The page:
We have seen this ‘failure to scale’ now in ideologies across the political spectrum: Communism, capitalism, mixed-economy socialism, libertarianism — none of these economic systems scales without becoming dysfunctional. I have long been a believer in the mixed-economy model used in Scandinavia and (though it is currently being dismantled by governing corporatists) in Canada. I know a lot of bright, passionate, well-intentioned people who work in the ‘public sector’ in fields like social welfare, education and health, and even they admit the systems they work in are dysfunctional, and the money and energy spent on them are largely wasted and ineffective at achieving the goals these services are intended to provide.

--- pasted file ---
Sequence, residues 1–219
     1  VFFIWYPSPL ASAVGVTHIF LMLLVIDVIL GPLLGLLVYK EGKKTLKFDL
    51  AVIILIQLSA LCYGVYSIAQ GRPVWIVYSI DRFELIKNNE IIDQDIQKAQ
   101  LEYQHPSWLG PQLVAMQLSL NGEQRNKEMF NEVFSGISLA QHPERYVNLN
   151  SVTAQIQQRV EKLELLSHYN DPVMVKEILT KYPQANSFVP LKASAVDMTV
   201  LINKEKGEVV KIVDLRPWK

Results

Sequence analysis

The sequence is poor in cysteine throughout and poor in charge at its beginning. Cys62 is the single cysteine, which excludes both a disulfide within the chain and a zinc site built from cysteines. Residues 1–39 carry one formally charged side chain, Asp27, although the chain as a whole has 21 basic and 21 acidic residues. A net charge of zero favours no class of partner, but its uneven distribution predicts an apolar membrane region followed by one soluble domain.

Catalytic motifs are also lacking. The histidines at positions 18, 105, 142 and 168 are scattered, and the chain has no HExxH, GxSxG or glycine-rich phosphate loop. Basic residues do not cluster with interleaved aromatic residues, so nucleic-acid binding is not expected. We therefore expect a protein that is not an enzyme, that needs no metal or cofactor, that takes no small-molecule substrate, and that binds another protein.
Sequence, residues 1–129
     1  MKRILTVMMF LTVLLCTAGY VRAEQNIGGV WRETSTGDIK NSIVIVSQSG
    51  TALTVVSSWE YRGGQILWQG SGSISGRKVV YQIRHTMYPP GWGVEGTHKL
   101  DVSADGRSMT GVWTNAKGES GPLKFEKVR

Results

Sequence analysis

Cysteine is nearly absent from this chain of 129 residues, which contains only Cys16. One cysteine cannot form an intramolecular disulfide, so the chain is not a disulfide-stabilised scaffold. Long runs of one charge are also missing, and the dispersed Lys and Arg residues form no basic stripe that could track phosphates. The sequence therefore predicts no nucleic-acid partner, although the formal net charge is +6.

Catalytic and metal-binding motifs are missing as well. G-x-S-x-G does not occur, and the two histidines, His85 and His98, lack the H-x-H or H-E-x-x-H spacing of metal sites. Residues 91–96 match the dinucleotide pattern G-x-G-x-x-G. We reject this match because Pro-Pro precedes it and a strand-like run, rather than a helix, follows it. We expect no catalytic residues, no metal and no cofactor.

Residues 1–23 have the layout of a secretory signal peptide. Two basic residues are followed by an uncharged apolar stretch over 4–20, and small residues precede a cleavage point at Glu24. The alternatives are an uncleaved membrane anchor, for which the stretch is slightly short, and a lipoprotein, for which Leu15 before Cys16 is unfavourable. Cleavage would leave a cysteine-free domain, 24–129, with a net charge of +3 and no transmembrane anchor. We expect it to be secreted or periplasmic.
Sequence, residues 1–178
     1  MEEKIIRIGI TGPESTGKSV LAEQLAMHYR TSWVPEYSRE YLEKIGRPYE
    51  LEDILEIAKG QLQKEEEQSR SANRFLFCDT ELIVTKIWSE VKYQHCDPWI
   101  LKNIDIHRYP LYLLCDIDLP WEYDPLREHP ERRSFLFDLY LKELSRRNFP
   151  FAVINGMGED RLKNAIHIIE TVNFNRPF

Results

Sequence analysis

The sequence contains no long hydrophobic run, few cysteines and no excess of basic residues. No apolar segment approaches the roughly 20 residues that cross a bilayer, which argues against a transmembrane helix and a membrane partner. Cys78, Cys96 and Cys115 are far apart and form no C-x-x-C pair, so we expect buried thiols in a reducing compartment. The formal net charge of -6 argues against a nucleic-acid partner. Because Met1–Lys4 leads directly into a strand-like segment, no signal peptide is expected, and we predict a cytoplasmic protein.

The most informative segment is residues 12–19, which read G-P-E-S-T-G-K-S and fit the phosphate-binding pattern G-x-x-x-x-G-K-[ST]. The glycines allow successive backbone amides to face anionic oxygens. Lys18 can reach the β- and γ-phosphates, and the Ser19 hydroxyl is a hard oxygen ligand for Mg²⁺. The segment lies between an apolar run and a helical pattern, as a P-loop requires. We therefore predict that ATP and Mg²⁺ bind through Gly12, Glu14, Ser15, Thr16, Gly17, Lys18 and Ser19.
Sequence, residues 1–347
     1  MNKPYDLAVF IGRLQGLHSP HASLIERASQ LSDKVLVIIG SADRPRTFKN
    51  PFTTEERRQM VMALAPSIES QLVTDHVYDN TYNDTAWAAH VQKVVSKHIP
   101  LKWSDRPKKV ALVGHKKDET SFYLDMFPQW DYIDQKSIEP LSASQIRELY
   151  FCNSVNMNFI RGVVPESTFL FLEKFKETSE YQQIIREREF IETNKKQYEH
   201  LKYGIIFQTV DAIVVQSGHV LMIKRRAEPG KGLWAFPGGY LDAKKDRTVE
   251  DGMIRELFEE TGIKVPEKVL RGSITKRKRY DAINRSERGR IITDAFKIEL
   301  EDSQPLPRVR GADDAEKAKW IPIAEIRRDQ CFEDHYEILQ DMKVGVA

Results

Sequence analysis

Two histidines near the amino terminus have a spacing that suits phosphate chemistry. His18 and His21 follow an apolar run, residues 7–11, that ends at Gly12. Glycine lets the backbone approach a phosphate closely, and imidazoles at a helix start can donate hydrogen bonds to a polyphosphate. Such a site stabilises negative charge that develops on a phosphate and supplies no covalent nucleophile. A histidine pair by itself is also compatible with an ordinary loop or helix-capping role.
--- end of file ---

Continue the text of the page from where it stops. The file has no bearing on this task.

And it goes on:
The users of these services — notably the physically and mentally ill, the poor, the homeless, the sick, and students — often don’t know what they need or want, and have been so dumbed down by (and become so dependent on) these systems that they can’t begin to partner competently with service providers to make the provision of these services even marginally effective. Most people simply don’t know how to prevent, self-diagnose or self-treat illnesses, how to learn, how to make a living for themselves, or how to self-manage any aspect of their lives in even the most basic ways. As long as these systems depend on massive, centralized, standardized bureaucracies catering to incapacitiated, dependent ‘clients’, there is no hope for them. We need to let go of these systems, and our belief in them, and start the hard work of learning how to prepare for, and adapt to, full-on collapse and the crises that will accompany it.